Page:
It was true and a sore subject: My husband's hair was receding. Because Lee's hair would not lie flat on his head, I suggested we cut it shorter on top. "You wouldn't want to be accused of 'the comb over,' " I said.
"Not bad," Lee said later, inspecting his new "do."
"It's shorter, but such integrity," I added.
Soon, we invested in some clippers that came with an instructional video. For a while, I simply put on the No. 4 guard and buzzed Lee's hair every three weeks.
Then I decided that Lee needed to wear it even shorter at the bottom, but this style was a bit difficult for a novice like me.
"Why don't you have a professional cut it the first time?" I suggested.
Lee's youngest sister was getting married the following weekend. I didn't want to be responsible for a radical haircut when we were to see friends and relatives we'd not seen in years.
But Lee was sure I could do it. "You're so creative," he finally said. Who could resist this kind of innocent enthusiasm?
I watched the haircut video several times, until I could identify all the guards and when to change them.
I began, and all was going well. I put on the No. 3 guard and rocked the clippers upward to give a blended look. I cross-cut hair on the comb, wet down the top, and trimmed it by hand so it stood up straight.
My husband was eager to see my work, but I saw one spot that needed a little more definition. I popped off the No. 3 guard, and the clippers hummed in my hand. I was feeling so confident that Lee and I had begun to chitchat.
Without thinking, I took the bare clippers and zoomed them across the back of Lee's head - not once, but twice - before I realized my mistake. The clippers hungrily scarfed his hair to the scalp, leaving a gouge that looked like an ugly divot on a finely groomed golf course.
"What'd you do?" Lee asked, alarmed. He could feel the cool severity of my mistake on his bare scalp before I could answer. I knew that within seconds he would march to the bathroom mirror and view the damage for himself. My heart pounded. Lee kept asking, "What'd you do? Oh great, oh great."
I persuaded my husband not to look just yet. I quickly decided that the hair-comb cross-cut was the best bet and continued to cut his hair. I threw in what a great facial structure he had, and suggested the best solution might be to shave it all off and start over. Maybe people would think he'd intended to shave his head. Lots of men with receding hairlines were opting for this "in your face" style.
"Oh, great. It looks bad - really bad, doesn't it?"
"Well, yeah. It - it does, kind of," I said.
Our daughter Audrey heard what was going on. She circled her dad and saw what I'd done. "Mom, whoa!"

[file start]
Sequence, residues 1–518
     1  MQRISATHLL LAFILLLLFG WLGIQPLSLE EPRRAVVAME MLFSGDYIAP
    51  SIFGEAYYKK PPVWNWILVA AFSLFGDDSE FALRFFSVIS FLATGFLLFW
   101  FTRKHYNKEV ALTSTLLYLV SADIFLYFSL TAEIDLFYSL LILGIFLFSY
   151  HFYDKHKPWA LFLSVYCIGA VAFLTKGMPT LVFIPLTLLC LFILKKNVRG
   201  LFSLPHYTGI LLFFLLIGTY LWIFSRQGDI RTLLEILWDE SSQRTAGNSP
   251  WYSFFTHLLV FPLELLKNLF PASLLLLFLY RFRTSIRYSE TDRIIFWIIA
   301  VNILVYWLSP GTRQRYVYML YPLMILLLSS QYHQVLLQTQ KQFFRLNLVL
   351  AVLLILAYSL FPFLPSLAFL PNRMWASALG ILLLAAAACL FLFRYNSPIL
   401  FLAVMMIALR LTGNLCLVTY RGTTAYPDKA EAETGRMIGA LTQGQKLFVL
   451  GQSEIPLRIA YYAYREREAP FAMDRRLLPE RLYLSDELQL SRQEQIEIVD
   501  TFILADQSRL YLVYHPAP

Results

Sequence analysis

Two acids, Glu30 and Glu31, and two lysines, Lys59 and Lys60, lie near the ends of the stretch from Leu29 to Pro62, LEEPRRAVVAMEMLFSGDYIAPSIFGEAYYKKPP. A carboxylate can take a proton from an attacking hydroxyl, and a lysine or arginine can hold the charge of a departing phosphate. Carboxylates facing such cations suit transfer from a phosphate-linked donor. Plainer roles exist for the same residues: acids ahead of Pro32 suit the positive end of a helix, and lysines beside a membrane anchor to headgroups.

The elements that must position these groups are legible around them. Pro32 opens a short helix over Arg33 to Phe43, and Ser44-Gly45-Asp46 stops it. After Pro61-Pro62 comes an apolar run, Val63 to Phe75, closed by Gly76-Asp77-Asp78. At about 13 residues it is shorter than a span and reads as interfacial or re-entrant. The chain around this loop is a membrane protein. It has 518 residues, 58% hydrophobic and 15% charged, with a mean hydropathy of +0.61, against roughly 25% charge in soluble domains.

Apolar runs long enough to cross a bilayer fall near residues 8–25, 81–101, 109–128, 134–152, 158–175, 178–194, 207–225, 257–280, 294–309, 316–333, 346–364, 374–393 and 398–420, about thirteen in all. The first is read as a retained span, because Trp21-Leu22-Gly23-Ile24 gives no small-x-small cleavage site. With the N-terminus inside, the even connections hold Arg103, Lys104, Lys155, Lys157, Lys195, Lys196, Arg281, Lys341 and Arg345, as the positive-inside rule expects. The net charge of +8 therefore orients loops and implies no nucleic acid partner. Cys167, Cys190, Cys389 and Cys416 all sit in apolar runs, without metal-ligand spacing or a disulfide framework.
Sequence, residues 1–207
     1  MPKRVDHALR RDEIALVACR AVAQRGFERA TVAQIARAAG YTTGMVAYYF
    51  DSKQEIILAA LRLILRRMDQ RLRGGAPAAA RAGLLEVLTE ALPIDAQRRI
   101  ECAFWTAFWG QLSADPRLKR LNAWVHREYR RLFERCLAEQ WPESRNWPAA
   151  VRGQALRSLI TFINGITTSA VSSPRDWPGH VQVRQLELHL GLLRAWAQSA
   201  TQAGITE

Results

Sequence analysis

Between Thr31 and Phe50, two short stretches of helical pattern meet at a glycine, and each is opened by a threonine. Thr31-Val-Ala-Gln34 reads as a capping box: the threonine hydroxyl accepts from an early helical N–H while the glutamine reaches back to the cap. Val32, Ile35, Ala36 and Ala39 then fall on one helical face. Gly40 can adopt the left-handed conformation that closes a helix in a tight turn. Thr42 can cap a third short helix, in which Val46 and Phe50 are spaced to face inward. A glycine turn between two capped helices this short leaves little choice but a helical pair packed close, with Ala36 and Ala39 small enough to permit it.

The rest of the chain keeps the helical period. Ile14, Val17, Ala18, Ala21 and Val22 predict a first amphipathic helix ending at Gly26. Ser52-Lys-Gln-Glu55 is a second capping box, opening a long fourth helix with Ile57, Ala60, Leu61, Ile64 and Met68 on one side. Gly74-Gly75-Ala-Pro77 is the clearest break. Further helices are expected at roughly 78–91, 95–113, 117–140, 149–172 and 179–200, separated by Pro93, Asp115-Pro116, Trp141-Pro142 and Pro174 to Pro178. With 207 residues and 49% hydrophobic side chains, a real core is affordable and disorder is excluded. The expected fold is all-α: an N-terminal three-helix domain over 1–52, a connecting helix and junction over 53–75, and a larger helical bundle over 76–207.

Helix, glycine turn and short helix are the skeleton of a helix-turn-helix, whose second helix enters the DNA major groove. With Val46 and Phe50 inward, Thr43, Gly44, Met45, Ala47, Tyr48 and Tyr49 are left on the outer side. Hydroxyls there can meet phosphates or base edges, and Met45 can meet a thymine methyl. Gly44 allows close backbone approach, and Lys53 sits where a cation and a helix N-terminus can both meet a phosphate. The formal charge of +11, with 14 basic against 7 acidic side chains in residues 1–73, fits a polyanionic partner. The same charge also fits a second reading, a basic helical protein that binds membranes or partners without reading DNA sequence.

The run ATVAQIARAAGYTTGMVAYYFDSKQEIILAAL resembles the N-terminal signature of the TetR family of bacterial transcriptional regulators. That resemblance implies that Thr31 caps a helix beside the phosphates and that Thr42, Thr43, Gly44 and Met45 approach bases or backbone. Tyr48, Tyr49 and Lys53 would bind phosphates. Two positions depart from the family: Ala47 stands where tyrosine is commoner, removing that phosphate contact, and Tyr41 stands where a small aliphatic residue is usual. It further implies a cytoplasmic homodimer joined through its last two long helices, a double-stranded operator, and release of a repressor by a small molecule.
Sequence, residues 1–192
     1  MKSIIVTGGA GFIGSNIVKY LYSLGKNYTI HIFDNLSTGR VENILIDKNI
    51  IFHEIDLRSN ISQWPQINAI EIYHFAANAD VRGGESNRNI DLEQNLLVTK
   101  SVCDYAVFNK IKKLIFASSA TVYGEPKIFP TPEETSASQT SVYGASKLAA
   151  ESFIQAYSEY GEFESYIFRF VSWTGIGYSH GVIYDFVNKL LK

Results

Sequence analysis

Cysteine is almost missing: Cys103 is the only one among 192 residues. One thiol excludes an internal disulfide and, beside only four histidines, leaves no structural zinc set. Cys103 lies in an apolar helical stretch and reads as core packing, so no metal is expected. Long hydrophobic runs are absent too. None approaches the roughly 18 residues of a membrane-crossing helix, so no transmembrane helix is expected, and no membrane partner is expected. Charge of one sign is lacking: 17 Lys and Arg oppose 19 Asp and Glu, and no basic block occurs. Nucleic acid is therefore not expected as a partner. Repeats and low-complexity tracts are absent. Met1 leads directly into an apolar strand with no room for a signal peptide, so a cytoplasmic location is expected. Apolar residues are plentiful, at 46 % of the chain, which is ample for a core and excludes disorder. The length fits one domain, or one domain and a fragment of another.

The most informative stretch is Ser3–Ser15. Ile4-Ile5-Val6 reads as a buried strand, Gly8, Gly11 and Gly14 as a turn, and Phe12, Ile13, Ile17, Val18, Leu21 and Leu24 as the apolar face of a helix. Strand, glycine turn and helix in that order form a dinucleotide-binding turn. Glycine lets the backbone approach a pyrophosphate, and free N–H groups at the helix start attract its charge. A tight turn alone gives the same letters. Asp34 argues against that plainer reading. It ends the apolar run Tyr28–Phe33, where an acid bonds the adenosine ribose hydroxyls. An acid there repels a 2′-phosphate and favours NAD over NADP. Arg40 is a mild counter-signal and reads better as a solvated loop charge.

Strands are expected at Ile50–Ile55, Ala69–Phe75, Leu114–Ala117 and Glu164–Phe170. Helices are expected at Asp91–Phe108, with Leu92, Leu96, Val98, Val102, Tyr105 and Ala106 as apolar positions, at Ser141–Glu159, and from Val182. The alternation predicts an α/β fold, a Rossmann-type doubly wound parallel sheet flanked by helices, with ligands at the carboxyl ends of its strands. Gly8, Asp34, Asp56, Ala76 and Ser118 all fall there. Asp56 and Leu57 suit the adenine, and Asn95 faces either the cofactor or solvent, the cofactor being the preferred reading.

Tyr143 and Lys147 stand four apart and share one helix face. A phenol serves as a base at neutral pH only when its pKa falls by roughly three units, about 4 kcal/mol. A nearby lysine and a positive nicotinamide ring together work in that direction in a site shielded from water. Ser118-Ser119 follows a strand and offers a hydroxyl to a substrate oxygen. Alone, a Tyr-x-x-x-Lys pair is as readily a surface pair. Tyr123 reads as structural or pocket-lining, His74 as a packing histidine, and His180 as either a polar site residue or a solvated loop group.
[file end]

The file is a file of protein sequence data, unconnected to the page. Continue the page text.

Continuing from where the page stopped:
"We're done -that's it!" said Lee. He got up and unsnapped the plastic cape that came with the kit. Little hairs, short and sharp like needles, covered the floor.
"I'm really sorry! It was going so well - really, it was - I just forgot that I'd taken the guard off. I'm so sorry. It'll probably grow over that bare spot by next weekend."
By this time, Lee was looking into the hand mirror and could see the damage in the mirror behind. He didn't say a word.
"How about a little shoe polish? Just in that one spot," I suggested.
Quietly, Lee retrieved the shoe-polish kit from our closet. Carefully, I dabbed the polish on the large bare spot. Lee inspected the back of his head again.
"Oh, great, this is just great," he muttered.
"I think it'll grow enough by next weekend," I said again. But I wasn't at all sure it would.
All that evening, I kept staring at Lee's head. "Would you stop?" he asked. "You're making me self-conscious." So I tried and tried not to stare. The next morning, when I woke up, my heart sank when I realized that, yes, I really had done this horrible thing, and yes, the wedding was next weekend.
"Don't tell anybody I cut your hair," I pleaded.
"Don't worry," Lee said. "I don't think I'll have to." He left for work, hunching his shoulders so the collar of his shirt covered some of the evidence.
Surprisingly, when Lee needed a haircut about three weeks later, he asked me to do the cutting. At first I refused, but a couple of months and a couple of haircuts passed. Time diminished my memory of the ravaged hair - until Lee's sister visited with her new husband and 260 of their wedding photos.
From the front, Lee's hair looked great in the photographs. "See, your hair didn't look bad," I commented with relief. But then, on the last page of the album, captured for all time, was the brutal reality. Lee is pictured from behind, dancing with his sister. Lee's haircut looked bad - very bad.
Lee was quiet. Finally, he said philosophically, "Well, someday this will prove that I once had hair."